Journal of Polymer Science Part B: Polymer Physics, Vol.34, No.9, 1691-1700, 1996
Diblock Copolymers as Emulsifying Agents in Polymer Blends - Influence of Molecular-Weight, Architecture, and Chemical-Composition
Interfacial agents used in the compatibilization of immiscible polymer blends often consist of block copolymers containing at least one segment compatible with each of the two phases of the blend. This work examines the influence of the molecular weight, architecture, and chemical composition of the interfacial agent on its ability to emulsify a polymer blend. The system chosen is a blend containing 80% polystyrene and 20% ethylene-propylene rubber, compatibilized by diblock copolymers of poly(styrene-hydrogenated butadiene). The emulsification curve, which relates the dispersed phase particle size to the concentration of interfacial agent added to the system, was used as a tool to characterize the efficacy of the different interfacial agents. The observed behavior is similar to that of classical emulsions : a rapid drop in phase size at low concentrations of interfacial modifier, followed by a levelling off to an equilibrium diameter value once a "critical" concentration has been reached. For systems compatibilized by symmetrical diblocks (i.e., containing approximately 50% styrene by weight), the volume average particle diameter decreased from 2.7 mu m for the unmodified system to about 0.4 mu m once interfacial saturation is reached. The critical concentration for emulsification decreased with increasing interfacial agent molecular weight, due to the higher interfacial area occupied by longer molecules; however, this parameter did not affect the equilibrium particle diameter. The asymmetrical diblock copolymer (30% styrene) was found to be less effective than the symmetrical ones over the entire range of concentrations studied (5 to 35% modifier, based on the volume of the minor phase). Asymmetrical diblock copolymers would tend to form micelles, whereas symmetrical copolymers are less constrained at the interface. No significant difference was observed between the emulsifying capability of tapered and pure diblocks of similar composition and molecular weight.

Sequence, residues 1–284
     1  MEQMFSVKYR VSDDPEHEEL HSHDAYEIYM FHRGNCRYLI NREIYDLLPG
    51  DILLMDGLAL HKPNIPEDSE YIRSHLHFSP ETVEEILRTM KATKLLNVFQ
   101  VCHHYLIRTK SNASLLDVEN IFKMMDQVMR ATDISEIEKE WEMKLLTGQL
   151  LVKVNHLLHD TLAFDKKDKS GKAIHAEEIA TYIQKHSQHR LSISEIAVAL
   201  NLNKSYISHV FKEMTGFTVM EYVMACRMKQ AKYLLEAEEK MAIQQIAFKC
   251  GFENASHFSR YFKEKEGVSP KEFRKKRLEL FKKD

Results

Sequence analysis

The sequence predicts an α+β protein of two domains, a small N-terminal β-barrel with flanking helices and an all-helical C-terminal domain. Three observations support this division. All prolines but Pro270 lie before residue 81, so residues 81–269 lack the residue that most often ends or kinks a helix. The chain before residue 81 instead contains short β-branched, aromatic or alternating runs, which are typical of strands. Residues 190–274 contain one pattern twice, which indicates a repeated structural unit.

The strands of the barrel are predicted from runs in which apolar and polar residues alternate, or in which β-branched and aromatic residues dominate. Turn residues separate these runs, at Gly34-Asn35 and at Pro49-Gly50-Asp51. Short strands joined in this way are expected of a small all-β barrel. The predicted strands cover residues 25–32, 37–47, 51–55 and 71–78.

Keywords:POLYETHYLENE POLYSTYRENE BLENDS;LOW-DENSITY POLYETHYLENE;BLOCK COPOLYMERS;CO-POLYMERS;MORPHOLOGY;SYSTEMS;DESIGN;COMPATIBILIZER